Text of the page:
Can Deliberate Practive Give You an Competitive Edge?

In his best-selling book "Talent is Overrated," author Geoff Colvin writes about the concept of deliberate practice and how by adhering to this principle, the practitioner can attain expertise far more rapidly than they could through repetitive methods of practice that focus on already sharpened skills.

Here are the criteria for an activity to qualify as deliberate practice:

  • Exercises designed specifically to improve performance past your limits.
  • It is repeated over and over.
  • High-level feedback on results is continuously available in a supportive environment.
  • It's highly demanding mentally.
  • It's not much fun, thus implies the need for passion.

How I Practiced

When I began writing professionally, I wrote a lot of fluffy content thinking that I was painting a magnificent picture for the reader to enjoy. Truth is, I was wasting a lot of unnecessary words. Good writers don't hide behind adverbs. Said Stephen King, "The road to hell is paved with adverbs." It wasn't until I read "On Writing Well" by William Zinsser that I understood King better and wrapped my mind around the concept of clarity and brevity. I began to deliberately focus on brevity. I edited everything I wrote with the goal of trimming 10 percent away immediately, cutting words, combining phrases, changing passive to active voice and then examining my third paragraphs to see if it was a more qualified lede than my opening paragraph. As a result, my writing was cleaner, smoother and tighter.

My next area of deliberate practice was engagement. I wanted to write ledes that resonated with readers. That was a function of interviewing and not of writing, so I had to come up with better questions to ask. That meant better research before interviews and reading any stories about the subject and examining the angles of other writers in search of a way to bring the reader something new. I also started observing my surroundings during live interviews and making notes about the scenery, what the interviewee was wearing, facial expressions, and vocal tone. In time, my ledes became more dynamic and interesting. I discovered interesting angles, and found ways to interject the personality and voice of the interviewee into my story. When I started receiving emails from readers telling me how my stories made them feel, I knew that the effort had bore fruit.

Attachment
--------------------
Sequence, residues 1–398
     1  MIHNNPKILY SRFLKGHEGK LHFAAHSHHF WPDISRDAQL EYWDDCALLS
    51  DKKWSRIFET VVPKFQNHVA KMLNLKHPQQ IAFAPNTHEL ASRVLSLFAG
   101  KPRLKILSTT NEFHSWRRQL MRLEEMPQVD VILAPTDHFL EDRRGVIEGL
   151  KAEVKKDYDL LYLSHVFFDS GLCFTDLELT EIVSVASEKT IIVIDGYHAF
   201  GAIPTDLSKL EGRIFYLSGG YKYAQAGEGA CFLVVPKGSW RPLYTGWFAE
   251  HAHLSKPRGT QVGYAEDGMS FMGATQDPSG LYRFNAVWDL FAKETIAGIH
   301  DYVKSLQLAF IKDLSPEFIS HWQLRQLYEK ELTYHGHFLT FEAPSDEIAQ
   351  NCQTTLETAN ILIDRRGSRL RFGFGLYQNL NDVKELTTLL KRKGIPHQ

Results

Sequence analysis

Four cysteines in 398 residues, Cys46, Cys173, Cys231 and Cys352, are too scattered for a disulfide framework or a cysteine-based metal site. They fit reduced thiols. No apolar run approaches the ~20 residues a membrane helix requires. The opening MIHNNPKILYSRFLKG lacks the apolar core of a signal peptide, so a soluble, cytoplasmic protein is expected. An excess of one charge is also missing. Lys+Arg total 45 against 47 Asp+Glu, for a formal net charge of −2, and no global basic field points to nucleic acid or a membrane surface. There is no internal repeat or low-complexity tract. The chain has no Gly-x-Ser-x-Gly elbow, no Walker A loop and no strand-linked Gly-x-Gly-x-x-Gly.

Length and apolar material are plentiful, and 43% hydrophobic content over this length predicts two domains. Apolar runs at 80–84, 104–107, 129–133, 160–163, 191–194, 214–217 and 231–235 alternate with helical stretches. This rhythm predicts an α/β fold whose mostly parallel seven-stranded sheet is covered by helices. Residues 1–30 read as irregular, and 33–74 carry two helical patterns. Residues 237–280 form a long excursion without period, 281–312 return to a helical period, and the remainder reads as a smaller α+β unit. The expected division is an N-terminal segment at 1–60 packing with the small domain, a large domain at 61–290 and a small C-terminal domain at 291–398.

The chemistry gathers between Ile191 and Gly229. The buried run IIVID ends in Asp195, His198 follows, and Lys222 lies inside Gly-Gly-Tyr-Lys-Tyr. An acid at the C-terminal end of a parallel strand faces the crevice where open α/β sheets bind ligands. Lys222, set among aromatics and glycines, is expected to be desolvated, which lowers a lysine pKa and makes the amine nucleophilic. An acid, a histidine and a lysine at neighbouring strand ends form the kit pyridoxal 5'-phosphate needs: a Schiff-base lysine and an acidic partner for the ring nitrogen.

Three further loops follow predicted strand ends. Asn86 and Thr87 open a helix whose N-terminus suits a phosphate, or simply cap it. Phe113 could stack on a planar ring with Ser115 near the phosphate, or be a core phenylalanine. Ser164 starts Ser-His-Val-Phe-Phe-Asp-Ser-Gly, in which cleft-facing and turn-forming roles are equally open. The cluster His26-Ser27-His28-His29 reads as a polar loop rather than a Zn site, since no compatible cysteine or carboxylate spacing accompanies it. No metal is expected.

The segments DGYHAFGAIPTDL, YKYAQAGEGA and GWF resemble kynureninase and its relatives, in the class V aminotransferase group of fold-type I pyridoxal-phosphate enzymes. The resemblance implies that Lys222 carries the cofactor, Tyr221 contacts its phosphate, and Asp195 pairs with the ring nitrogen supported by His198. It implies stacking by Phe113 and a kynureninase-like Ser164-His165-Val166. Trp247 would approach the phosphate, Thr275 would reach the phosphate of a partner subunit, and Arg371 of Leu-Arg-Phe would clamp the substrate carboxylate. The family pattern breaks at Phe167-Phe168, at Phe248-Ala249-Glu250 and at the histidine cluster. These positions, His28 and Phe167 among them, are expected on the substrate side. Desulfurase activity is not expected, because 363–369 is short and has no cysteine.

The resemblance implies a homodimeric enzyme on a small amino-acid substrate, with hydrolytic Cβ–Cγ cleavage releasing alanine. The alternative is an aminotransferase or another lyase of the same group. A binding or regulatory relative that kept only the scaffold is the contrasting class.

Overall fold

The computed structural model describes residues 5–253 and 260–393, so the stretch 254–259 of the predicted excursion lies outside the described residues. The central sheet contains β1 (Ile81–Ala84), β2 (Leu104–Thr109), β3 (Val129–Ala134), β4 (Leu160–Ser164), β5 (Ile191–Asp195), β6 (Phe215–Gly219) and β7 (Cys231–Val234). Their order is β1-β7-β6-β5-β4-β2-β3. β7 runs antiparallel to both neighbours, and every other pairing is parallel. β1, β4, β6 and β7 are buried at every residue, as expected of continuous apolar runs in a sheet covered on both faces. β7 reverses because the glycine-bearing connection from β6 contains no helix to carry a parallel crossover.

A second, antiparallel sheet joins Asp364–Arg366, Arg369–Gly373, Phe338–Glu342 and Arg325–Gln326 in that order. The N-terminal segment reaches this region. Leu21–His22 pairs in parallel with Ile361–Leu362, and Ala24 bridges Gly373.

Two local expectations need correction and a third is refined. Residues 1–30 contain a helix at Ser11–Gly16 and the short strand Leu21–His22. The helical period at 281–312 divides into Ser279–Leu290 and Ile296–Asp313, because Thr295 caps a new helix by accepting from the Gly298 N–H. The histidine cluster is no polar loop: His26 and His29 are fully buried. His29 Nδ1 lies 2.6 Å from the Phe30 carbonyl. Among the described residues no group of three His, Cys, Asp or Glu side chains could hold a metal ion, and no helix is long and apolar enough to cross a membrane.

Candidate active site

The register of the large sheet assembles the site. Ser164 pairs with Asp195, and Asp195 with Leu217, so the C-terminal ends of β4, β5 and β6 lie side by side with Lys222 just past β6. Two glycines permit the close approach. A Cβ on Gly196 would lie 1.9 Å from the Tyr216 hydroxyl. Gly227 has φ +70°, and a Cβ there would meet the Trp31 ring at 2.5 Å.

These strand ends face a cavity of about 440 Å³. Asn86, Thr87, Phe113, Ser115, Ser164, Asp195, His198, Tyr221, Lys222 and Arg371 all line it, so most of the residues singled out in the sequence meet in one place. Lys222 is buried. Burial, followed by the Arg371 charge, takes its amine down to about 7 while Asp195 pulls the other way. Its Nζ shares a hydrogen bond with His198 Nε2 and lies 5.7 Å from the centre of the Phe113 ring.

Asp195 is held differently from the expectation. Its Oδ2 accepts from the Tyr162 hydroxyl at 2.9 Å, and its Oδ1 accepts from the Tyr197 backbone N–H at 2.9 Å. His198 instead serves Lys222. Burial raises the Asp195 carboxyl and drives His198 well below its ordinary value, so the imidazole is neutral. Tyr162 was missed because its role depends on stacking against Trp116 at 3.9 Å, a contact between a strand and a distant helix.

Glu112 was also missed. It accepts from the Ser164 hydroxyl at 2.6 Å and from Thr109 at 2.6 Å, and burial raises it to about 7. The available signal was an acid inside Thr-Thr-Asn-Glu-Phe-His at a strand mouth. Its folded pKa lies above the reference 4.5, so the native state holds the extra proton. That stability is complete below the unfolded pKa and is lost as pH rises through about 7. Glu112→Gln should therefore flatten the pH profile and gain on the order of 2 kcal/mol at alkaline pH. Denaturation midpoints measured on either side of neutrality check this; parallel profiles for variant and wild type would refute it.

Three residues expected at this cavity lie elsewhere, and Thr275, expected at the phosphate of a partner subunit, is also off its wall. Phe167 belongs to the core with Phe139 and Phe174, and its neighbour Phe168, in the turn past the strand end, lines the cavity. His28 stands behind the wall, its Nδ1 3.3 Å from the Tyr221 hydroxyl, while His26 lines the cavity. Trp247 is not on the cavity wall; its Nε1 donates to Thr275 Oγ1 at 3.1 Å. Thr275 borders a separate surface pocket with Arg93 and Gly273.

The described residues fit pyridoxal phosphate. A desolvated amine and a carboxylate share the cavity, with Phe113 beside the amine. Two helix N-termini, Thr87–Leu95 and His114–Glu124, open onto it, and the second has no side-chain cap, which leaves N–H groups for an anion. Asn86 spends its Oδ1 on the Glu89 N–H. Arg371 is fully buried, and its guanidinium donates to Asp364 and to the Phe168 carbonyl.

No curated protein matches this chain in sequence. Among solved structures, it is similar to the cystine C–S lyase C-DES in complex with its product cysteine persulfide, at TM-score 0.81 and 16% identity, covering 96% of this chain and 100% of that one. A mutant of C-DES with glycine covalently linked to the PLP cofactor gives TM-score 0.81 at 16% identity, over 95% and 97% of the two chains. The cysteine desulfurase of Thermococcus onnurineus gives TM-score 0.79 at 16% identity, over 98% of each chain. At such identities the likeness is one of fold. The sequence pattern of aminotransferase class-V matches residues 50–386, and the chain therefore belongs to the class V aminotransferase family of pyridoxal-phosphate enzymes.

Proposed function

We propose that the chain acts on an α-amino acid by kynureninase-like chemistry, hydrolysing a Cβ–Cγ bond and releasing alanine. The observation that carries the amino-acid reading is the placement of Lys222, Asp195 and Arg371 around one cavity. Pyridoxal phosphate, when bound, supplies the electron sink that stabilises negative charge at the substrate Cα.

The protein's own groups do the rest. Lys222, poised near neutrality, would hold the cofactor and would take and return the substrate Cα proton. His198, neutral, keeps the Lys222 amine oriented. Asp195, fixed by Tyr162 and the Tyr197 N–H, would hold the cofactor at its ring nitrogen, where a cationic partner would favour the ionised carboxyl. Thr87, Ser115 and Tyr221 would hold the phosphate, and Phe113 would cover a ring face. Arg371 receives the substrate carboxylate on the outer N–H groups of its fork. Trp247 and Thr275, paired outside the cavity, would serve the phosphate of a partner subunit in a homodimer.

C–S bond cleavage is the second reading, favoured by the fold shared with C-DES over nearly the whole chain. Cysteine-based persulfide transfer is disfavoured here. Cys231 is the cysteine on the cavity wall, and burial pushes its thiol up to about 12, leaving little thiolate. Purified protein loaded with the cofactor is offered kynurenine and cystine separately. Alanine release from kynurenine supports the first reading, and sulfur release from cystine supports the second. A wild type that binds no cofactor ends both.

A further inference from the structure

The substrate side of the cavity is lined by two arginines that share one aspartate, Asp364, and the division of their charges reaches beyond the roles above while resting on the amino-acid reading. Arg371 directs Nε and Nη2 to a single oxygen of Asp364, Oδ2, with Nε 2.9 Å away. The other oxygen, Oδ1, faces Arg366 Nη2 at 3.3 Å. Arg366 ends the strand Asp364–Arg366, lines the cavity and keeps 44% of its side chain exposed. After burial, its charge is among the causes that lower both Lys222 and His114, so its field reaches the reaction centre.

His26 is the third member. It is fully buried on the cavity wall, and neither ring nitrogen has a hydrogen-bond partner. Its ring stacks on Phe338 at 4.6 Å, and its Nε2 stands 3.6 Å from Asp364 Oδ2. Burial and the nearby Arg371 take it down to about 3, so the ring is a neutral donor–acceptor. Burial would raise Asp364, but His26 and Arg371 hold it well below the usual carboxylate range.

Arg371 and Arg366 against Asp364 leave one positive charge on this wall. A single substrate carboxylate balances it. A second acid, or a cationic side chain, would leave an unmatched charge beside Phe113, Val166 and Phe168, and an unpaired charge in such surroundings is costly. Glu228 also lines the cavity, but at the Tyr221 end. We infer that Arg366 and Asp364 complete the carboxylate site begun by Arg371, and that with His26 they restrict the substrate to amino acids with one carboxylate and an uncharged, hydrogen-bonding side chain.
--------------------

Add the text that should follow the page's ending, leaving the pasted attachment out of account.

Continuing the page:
For the last two years, I've been practicing better ways to present "he said/she said" attributes when opening and closing quotations and looking for ways to incorporate the five senses in my writing in an effort to engage readers using their dominant senses. We all have them--mine is visual, then olfactory, and then auditory--and writing to these makes a standard journalistic story read like creative non-fiction.

Circles of Growth

On an episode of the TLC show, Miami Ink, tattoo artist Kat Von D remarked that she hadn't gone more than five days without tattooing since she was 14 years old. That's a decade and a half of practice, and if you've seen her work, you can't discount that deliberate practice is also a factor. Is there any wonder why Von D is worth an estimated $5 million? I would surmise that all five aspects of deliberate practice were and still are present in her work. Her practice has paid off as Von D has inked pop stars Beyonce, Miley Cyrus, Lady Gaga and Demi Lovato, and actors Dakota Fanning and Ewan McGregor.

So how we apply this and harness the power of deliberate practice? What does it look like practically?

Growth zones.

Colvin describes these as three concentric circles. The inner circle is your Comfort Zone, the skills you have that you can do with little effort. The middle circle is your Learning Zone, skills that you are currently learning and have not mastered. The outer circle is your Panic Zone. These are the skills you need to know, but have no idea how you'll reach.

Applying the Principle

Take a moment and write down items in your Comfort, Learning, and Panic Zones. Here's an example of what a journalist might look like:

Comfort Zone

  • Writing ledes
  • Telling compelling stories
  • Writing rapidly on deadline

Learning Zone

  • Paragraph transitions
  • Interviewing techniques
  • Writing conclusions (Not leaving the reader hanging)

Panic Zone

  • Public speaking
  • Investigative journalism
  • Pitching to larger publications

How it works is that as you maintain your Comfort Zone you're actively growing your Learning Zone. In time, those items in your Learning Zone become Comfort Zone activities. Your new Learning Zone is now comprised of your Panic Zone activities. And your Panic Zone? The next set of goals that further your career but seem out of reach.

A Lesson from the Greatest

National Basketball Association Hall of Famer Michael Jordan didn't become the greatest player to ever play the game of basketball by practice. He did so with intention using deliberate practice. Once when told that he was a great scorer, but a marginal defender, Jordan focused on his defense and when he retired, he was the steals leader for three seasons (1988, 1990, 1993) and was a first team all-defense player for nine seasons (1988-1993, 1996-1998).

Deliberate practice is hard. Deliberate practice is frustrating. Deliberate practice will make you want to quit. But Deliberate practice works.


"My attitude is that if you push me towards something that you think is a weakness, then I will turn that perceived weakness into a strength." -- Michael Jordan